An opportunity for full year students during the spring semester to explore a specific research topic in-depth and to acquire the methodological and analytical skills necessary for academic research.
Note: The University reserves the right to withdraw or modify the courses of instruction or to change the instructors as may become necessary.
Calendar is tentative and subject to change.
Fall Semester: Early September - end of December
Spring Semester: Early January - end of April
KCJS staff members place students in homestays, apartments or a guest house based on individual preferences.Homestays:
Most students choose to live with a Japanese family. Homestays are an effective means for developing Japanese language skills and insights into the society, as well as for the personal support they provide. Homestay families may involve students in their social activities and help them pursue their individual interests. Homestays include a private room for the KCJS student, who is provided with both breakfast and dinner. KCJS provides homestay students with a lunch stipend.
Students choosing apartments must make a special effort to get involved in Japanese society and student life, since they will not have the everyday interaction and stimulation of a host family. They work best for those who are very independent or already have considerable experience living in Japan. Apartment students participating in the academic year and semester programs will receive a daily lunch subsidy from KCJS, but must prepare their own breakfast and dinner or eat out.
Kajiwara Guest House:
This is a group housing arrangement in which students from a number of universities in the Kyoto area rent studio apartments. Kajiwara House is an option for students who might feel lonely in apartments but who prefer not to live in a homestay. Students have private rooms but share the kitchen and bathroom with other residents.Students living in the guest house receive a lunch stipend. Please note there are limited spaces available in the guest house.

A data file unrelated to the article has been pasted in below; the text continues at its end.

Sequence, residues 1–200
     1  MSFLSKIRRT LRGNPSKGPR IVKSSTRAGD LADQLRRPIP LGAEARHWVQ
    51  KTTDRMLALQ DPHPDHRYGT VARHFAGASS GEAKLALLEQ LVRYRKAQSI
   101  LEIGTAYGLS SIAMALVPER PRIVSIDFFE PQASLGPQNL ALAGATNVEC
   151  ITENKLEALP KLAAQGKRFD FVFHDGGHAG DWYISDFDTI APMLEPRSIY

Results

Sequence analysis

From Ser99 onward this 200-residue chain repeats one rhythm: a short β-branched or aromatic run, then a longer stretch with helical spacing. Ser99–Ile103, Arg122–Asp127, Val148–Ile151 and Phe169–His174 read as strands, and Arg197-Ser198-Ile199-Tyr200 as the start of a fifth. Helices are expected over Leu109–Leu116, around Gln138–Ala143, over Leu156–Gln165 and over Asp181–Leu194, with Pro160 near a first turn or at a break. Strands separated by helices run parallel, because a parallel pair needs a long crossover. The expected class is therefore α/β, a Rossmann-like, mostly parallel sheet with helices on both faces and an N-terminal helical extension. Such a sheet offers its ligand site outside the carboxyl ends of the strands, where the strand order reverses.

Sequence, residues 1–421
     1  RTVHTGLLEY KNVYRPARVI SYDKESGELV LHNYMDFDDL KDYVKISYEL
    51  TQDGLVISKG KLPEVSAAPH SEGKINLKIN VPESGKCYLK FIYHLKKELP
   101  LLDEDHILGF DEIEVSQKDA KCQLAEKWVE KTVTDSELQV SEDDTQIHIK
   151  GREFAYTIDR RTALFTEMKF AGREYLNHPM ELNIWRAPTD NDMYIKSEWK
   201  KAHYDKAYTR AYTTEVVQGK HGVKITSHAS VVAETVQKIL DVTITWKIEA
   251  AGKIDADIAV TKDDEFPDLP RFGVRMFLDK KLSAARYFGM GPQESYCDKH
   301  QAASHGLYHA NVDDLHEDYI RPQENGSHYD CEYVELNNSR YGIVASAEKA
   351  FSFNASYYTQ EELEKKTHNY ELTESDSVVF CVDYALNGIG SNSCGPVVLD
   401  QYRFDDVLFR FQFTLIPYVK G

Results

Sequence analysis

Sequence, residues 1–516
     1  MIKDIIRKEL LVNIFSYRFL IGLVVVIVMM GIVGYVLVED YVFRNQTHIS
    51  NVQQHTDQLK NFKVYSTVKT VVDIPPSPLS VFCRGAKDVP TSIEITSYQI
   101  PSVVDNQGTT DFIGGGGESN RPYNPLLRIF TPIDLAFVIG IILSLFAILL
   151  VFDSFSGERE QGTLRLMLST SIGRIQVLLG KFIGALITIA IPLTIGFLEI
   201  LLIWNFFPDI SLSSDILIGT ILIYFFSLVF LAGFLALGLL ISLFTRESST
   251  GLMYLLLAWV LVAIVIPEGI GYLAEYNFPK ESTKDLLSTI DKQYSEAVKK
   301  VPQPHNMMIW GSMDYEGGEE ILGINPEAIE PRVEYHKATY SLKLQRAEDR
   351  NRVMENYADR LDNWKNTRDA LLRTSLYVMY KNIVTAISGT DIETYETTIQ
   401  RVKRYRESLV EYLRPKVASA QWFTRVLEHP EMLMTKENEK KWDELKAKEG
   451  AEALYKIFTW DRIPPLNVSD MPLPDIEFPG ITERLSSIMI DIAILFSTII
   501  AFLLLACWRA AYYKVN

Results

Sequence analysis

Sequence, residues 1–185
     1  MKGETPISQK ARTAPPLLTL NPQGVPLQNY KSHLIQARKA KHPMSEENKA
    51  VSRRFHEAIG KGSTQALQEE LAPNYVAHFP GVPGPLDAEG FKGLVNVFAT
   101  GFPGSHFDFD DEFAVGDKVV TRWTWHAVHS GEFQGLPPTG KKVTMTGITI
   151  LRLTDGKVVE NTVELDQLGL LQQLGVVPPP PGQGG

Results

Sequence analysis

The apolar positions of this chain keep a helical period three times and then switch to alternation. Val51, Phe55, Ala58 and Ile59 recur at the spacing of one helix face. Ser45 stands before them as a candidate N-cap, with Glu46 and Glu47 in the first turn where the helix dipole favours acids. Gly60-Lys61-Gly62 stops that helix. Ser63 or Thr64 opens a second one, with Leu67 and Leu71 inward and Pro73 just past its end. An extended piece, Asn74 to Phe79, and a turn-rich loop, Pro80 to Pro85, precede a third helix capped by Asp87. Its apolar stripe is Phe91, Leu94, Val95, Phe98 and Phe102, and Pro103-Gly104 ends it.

All students will have a commute (anywhere from 20-90 minutes) from their housing to campus involving a walk, a bike, bus, or train ride or a combination of these.
Costs included on Bursar Bill:
Includes: Tuition, CIPT, and program fee, which covers housing, some meals, program activities and trips, and student services.
Estimated Out-of-Pocket Costs:
Meals, local commuting, airfare, personal expenses
To see an estimated budget, check out the Cornell in Kyoto Budget
Roundtrip airfare NYC-Kyoto (Kansai:KIX) $1,500
*Please note that all students must have health insurance which covers them overseas.
Based on an average exchange rate of ¥95=USD1.
Meals (if living in a homestay)* $250
Meals (if living in an apartment or the guest house)** $500
Local Transportation $150
* Students living with families have all meals included but should budget for snacks and occasional meals out.
** Students living in apartments and the Kajiwara guest house receive a lunch stipend but are responsible for the rest of their meals.
Scholarships especially for KCJS, Japan or Asia
Bridging Project Scholarships
KCJS students may also use Bridging Project Scholarships to attend KCJS. The Association of Teachers of Japanese Bridging Project at the University of Colorado at Boulder awards up to 30 scholarships to assist students with the travel and living expenses they will incur while studying abroad in Japan. For information on how to apply, eligibility regulations and deadlines, please check their website.
Blakemore Asian Language Fellowships
Scholarships for advanced language training for students planning to pursue careers related to Asia.
Benjamin A. Gilman International Scholarship
Sponsored by the US Department of State and the Bureau of Educational and Cultural Affairs, the Benjamin A. Gilman International Scholarship provides awards of up to $5,000 for U.S. citizen undergraduate students to pursue semester or academic-year long study abroad opportunities. To be eligible students must be receiving a Federal Pell Grant at the time of application. For more information, application deadlines and the online application, please visit the Web site above.
National Security Education Program (NSEP) David L. Boren Undergraduate Scholarships
Government-funded scholarships for study in areas of the world outside western Europe, Canada, and Australia. Recipients are required to fulfill a service requirement by working in higher education or for the US government. Application available online. The national deadline for applications is usually in mid February. However, most campuses have a local representative to assist with the application process. Contact your university's study abroad office to find out if your campus has an earlier deadline.
B-50 Caldwell Hall